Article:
Courtesy Gary Shiede
Greg Sheide with a pair of bass caught in Minnesota.

PROVO — When school kids become your life, your purpose is recharged day by day. High school coaches know this truth; they live it during careers and after they hang up the whistle.

“I’ve been blessed, I really have,” said Orem High’s Greg Sheide, who will retire after four decades of coaching baseball, basketball, football, golf and tennis — both boys and girls. He also spent his professional life as a physical education teacher. In other words, the number of kids he knows is an army.

Sheide has lived the dream. He will be honored for his 40 years of service at halftime of the OHS home game Feb. 8 against rival Mountain View.

In his wake are connections with a myriad of NFL, professional baseball and collegiate stars. A few of those names include BYU tight ends Chad Lewis and Jonny Harline, receivers Bryan Rowley (Utah) and Tyler Anderson (BYU), baseball stars Gary Cooper (Astros) and Brad Eager (Mariners) and current OHS football star Puka Nacua, who is currently finishing recruiting trips to UCLA, Washington, Oregon and Utah after committing to sign at USC.

A coach?

Every school has one of these guys, a likable, do-everything multitasking machine. Sheide is a Huck Finn-type — funny, chatty, part philosopher, part do-everything coach.

Greg is the brother of Gary Sheide, who led BYU football to its first bowl game in the early '70s against Oklahoma State in the Fiesta Bowl.

“I grew up in Antioch, California, and was attending Cal-State Hayward back in 1973 when I came up for BYU’s spring football practice to see my brother," Greg said, who met his wife Eldene here. "I’d never been around the mountains before and had never seen snow. Gary said I should move up here and we’d room together. He showed me there was fishing everywhere and I love to fish, so I took him up on it and have been here ever since."

In California, Sheide said his baseball, basketball and football coaches in junior high and high school inspired him. The way these men impacted his life made him want to become a coach one day.

Former OHS athletic director Steve Downey hired Greg to help him coach football and basketball in 1979. He ended up starting the girls golf program, too.

“Greg has stayed with it for 40 years,” said OHS coach Golden Holt. “Coaching is a job that doesn’t pay that much, takes a lot of time and there is pressure from parents to play their kids. It can be very tough and a lot of coaches quit after a while.”

Sheide wakes up before the sun rises. His mind is racing. His to-do list is long, always has been. He starts looking at film on his computer. He makes scouting notes on an opponent’s tendencies. He can’t wait to get to work.

“I tell the kids I love being around and talking to them. It’s all about who they’re dating, what they want to do or are excited for. It’s a lot more fun than talking to those my age where the main topics are what medications we’re taking, operations we’ve had and what hurts,” said Sheide.

Said Holt, “We’ve had the opportunity to travel across the country with our Tiger team. Myrtle Beach, Maui, Phoenix, Las Vegas, Tennessee. Inevitably, at each of these faraway destinations, someone will shout out, ‘Sheide,’ and a big hug will follow. Coach Sheide will address each person by name each and every time. He’s incredible.”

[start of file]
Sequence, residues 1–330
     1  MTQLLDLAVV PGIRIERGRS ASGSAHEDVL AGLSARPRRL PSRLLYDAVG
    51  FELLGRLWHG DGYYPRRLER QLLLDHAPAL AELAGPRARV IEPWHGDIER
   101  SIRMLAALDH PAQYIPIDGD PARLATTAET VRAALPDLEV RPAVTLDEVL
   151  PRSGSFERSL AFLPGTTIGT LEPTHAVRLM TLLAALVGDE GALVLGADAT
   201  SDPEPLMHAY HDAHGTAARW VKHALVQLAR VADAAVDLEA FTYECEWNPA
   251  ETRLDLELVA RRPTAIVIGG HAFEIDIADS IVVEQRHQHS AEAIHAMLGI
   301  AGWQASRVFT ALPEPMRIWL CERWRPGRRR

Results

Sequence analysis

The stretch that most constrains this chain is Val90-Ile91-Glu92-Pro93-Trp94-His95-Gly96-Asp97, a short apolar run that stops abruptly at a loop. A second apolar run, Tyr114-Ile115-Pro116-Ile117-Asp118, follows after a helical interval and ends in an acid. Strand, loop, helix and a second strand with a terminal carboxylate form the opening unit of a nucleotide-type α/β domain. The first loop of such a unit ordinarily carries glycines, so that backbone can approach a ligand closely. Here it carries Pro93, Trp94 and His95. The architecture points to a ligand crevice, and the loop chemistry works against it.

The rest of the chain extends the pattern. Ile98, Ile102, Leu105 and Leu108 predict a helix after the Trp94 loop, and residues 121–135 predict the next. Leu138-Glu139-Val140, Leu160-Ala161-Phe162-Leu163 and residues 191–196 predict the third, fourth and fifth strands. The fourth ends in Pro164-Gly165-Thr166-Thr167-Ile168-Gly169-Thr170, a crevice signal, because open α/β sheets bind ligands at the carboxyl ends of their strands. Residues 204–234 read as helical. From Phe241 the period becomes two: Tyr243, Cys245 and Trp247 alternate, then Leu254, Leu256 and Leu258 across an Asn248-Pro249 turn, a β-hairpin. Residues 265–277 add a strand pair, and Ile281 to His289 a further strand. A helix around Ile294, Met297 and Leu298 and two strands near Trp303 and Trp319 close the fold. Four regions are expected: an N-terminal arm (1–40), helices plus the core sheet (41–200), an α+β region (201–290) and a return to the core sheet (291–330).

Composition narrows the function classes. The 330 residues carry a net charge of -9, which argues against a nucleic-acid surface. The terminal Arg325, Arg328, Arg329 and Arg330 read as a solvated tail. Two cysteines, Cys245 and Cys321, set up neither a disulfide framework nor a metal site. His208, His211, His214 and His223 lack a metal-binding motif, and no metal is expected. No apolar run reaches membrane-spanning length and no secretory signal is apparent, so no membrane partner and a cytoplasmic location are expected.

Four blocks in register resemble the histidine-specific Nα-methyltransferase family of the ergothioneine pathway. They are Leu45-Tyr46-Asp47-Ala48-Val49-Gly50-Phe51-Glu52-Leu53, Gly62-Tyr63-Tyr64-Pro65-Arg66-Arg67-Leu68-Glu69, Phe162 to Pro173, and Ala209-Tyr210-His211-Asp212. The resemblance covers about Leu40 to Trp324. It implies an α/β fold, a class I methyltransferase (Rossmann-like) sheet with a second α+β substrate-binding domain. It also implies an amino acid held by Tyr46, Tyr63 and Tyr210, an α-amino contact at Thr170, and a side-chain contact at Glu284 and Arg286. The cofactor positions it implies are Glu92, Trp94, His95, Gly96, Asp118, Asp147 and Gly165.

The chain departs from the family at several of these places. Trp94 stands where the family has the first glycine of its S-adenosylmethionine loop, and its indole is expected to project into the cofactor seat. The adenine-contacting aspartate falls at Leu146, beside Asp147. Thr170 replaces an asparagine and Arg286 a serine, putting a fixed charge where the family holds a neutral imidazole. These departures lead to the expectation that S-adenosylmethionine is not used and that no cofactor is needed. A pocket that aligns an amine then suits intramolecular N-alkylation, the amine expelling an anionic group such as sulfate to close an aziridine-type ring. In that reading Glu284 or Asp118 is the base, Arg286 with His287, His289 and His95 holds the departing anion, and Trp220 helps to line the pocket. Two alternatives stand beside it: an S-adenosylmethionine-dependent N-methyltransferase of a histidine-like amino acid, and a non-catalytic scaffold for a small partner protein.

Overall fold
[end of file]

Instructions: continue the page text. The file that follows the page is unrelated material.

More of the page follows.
Indeed, after breakfast at Orem’s Denny’s on Friday, a couple of high school kids grabbed Sheide in the lobby by the register and he was instantaneously engaged in a back-and-forth of what was up in life. Anytime he needs a plumber, electrician or his air conditioner fixed, he can call a former player and they come right over.

To kids, a coach/teacher is often seen as a rock star. Sheide fits that role because kids gravitate to him; they know he cares and loves them unconditionally. Some of the highlights off the court and field, he says, are the weddings and missionary farewells, where he is reacquainted with at least 50 former students at each event.

He is representative of hundreds of similar men and women across the state who work unselfishly and go beyond the call of their teaching certificate and assignment to connect with teens, often the most complicated among us.

“His passion for the game is non-stop. A couple of years ago he had his hip replaced. He missed a week of practice. The doctor told him to sit out three weeks,” said Holt.

“One day he came hobbling in with his walker and 30 minutes later Richard Hardward wasn’t boxing out the way Sheide wanted. So Sheide started boxing out with his walker, showing Richard how to do it. A couple of frustrating minutes later Sheide did a Bobby Knight and tossed his walker 40 feet to the side. Everyone just busted out laughing.”

Sheide tells everyone he got 34 on his ACT test, 17 the first time and 17 the second.

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In the coming months, after the snow melts, Greg will resume his greatest passion, fishing. He and his brother Gary, a teacher and coach at a Pleasant Grove middle school, take off for their cabin for boating and fishing in nearby lakes at a family homestead in Minnesota. They leave the last day of school and don’t return to Utah until the week before school begins in August.

This spring, this time, Greg will leave earlier and come back later.

“I look out and see a golf course right by the cabin and my Blazer all hooked up to my boat. I look at a golf cart and the boat and think of what I ought to do. I choose the boat every time.”

Well done, coach.